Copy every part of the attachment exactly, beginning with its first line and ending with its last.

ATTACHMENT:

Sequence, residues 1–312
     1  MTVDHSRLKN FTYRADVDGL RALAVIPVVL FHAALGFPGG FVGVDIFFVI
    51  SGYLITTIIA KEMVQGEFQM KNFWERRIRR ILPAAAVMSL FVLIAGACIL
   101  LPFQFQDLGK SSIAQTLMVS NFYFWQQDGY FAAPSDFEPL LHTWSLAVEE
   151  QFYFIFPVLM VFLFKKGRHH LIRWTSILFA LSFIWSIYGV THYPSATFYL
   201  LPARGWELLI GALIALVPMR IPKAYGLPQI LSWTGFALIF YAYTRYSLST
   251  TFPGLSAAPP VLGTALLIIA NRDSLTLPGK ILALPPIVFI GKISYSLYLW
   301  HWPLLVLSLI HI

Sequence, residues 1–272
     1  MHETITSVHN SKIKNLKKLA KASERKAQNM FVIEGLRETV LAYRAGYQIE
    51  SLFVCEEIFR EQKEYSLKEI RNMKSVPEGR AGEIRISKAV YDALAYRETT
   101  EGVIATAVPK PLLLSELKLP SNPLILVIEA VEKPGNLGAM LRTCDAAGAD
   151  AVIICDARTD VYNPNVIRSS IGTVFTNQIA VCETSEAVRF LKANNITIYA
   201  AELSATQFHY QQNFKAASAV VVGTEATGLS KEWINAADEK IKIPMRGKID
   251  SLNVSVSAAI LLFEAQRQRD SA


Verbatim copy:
Sequence, residues 1–312
     1  MTVDHSRLKN FTYRADVDGL RALAVIPVVL FHAALGFPGG FVGVDIFFVI
    51  SGYLITTIIA KEMVQGEFQM KNFWERRIRR ILPAAAVMSL FVLIAGACIL
   101  LPFQFQDLGK SSIAQTLMVS NFYFWQQDGY FAAPSDFEPL LHTWSLAVEE
   151  QFYFIFPVLM VFLFKKGRHH LIRWTSILFA LSFIWSIYGV THYPSATFYL
   201  LPARGWELLI GALIALVPMR IPKAYGLPQI LSWTGFALIF YAYTRYSLST
   251  TFPGLSAAPP VLGTALLIIA NRDSLTLPGK ILALPPIVFI GKISYSLYLW
   301  HWPLLVLSLI HI

Sequence, residues 1–272
     1  MHETITSVHN SKIKNLKKLA KASERKAQNM FVIEGLRETV LAYRAGYQIE
    51  SLFVCEEIFR EQKEYSLKEI RNMKSVPEGR AGEIRISKAV YDALAYRETT
   101  EGVIATAVPK PLLLSELKLP SNPLILVIEA VEKPGNLGAM LRTCDAAGAD
   151  AVIICDARTD VYNPNVIRSS IGTVFTNQIA VCETSEAVRF LKANNITIYA
   201  AELSATQFHY QQNFKAASAV VVGTEATGLS KEWINAADEK IKIPMRGKID
   251  SLNVSVSAAI LLFEAQRQRD SA